- Teens and tweens increasingly love to communicate using memes, gifs, quotes, and videos. Don’t be afraid of this – instead use it as a fun and quick way to engage with your grandchild each day. They will get a kick out of you finding images and videos to send to them and you will get an interesting glimpse into their inner worlds, moods, and sense of humor by seeing what they send you each day. If you’re not familiar with some of these media formats, ask your grandchild to teach you. It empowers them and is yet another opportunity for you to connect.
- Play a game over Zoom. There are lots of great card games, board games, and interactive activities that can be adapted to do over video chat platforms. This can include everything from working on the same jigsaw puzzle in your respective homes and showing each other your progress to playing Uno, where you each draw from your own deck at home. Here are some more ideas for games that work well virtually.
Young Adults (ages 18-25)
- Bond through music. Music can be a wonderful way to connect with your young adult grandchild and gain insight into various aspects of their lives and current thoughts and feelings. There are many ways to do this, but perhaps the easiest in our current context is to create and share playlists (collections or lists of songs) with each other. This is a great opportunity to introduce each other to various genres of music, favorite artists, and songs that evoke specific memories. There are a variety of playlist sharing programs and applications, but you can also just jot down a list to email or text to your grandchild and they can pull up the songs on their own. You can even decide on weekly playlist themes, like “favorite songs to listen to while cooking,” “songs that make me cry,” and “songs that remind me of you.”
- Play digital games. You may recall hearing stories of the grandparent-grandchild bonds forged through playing Jeopardy together. The current version doesn’t involve waiting in your respective time zones to tune in at a specific time. There are lots of games you can play together through interactive apps, either in real time or asynchronously throughout the day. These include working together on virtual jigsaw puzzles, completing crossword or sudoku puzzles, or playing the digital versions of classic board games.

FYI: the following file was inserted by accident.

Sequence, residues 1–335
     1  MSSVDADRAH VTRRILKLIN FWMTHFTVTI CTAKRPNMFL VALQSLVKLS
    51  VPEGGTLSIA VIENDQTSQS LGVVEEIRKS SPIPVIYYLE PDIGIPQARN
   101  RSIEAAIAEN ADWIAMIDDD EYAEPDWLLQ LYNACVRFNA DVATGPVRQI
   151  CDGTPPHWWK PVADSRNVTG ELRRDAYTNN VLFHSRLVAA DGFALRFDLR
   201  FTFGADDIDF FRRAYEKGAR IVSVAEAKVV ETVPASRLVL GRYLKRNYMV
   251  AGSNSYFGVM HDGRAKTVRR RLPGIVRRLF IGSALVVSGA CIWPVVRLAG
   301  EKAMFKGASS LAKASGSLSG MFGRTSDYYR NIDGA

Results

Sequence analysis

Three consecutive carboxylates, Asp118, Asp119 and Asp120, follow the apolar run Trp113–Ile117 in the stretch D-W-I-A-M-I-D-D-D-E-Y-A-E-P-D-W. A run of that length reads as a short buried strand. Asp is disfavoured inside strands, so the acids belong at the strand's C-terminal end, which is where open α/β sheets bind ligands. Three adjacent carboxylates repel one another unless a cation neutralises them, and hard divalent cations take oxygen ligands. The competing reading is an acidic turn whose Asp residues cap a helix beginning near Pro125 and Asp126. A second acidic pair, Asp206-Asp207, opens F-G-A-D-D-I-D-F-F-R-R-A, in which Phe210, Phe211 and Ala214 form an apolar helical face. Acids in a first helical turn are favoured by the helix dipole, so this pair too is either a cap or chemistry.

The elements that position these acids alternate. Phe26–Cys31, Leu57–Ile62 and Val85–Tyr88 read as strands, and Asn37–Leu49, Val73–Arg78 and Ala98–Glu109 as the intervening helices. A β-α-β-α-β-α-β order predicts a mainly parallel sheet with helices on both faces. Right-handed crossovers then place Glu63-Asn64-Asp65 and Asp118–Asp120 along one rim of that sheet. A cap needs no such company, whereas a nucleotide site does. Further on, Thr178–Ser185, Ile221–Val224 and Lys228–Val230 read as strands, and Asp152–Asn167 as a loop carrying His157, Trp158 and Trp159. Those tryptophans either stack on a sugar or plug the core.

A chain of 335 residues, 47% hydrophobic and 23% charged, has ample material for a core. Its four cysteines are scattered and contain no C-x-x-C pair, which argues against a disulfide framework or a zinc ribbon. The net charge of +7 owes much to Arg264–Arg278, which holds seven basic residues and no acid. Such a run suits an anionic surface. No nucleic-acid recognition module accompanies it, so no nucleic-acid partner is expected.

- Write and send “Open When” letters. A great way to stay connected to your grandchild is to spend some time thinking about advice or encouragement you’d like to give them. If there are milestones or celebrations you have been unable to celebrate together or times that you wished you were there in person to give them a hug or some reassurance, this is a great time to memorialize those thoughts for now and in the future. You can do this in the form of letters that come with instructions for when to open and read the letter (e.g., “Open when you are sad”; “Open when something didn’t go your way”; “Open when you are feeling proud of yourself”). Here are some great topics and prompts to get you started.
- Take an online class or workshop together. Similar to learning a new skill or hobby together (discussed above), there are tons of online classes and workshops available, many of which are free. You can figure out what topics or types of classes you are interested in, what level of skill and commitment feels manageable, and what schedule works for you both. It’s a great way to spend some structured time together and feel productive at the same time.
- Be part of their self-care. Many young adults have had to shift their academic programs or professional responsibilities primarily online, which can lead to decreased social connections and Zoom fatigue. Other young adults have had to take on additional jobs, have lengthier commutes, or are working longer hours to make ends meet. Keep your grandchild company during their commute or offer to be their screen break, by chatting with them over the phone and being a safe, calm, and nonjudgmental space for them to vent their frustrations or worries. Even just a five-minute check in and a few words of reassurance and affection can make a big difference in their mental health and yours.
We know that the physical distancing requirements and social isolation caused by the COVID-19 pandemic has been especially hard on grandparents. Long-distance grandparenting is all about finding creative and flexible ways to regularly connect and show your grandchild that you’re thinking about them no matter how many miles there are between you.
For more ideas on how to stay connected with long-distance family members during and after the holidays, visit our Reimagining the Holidays resources page.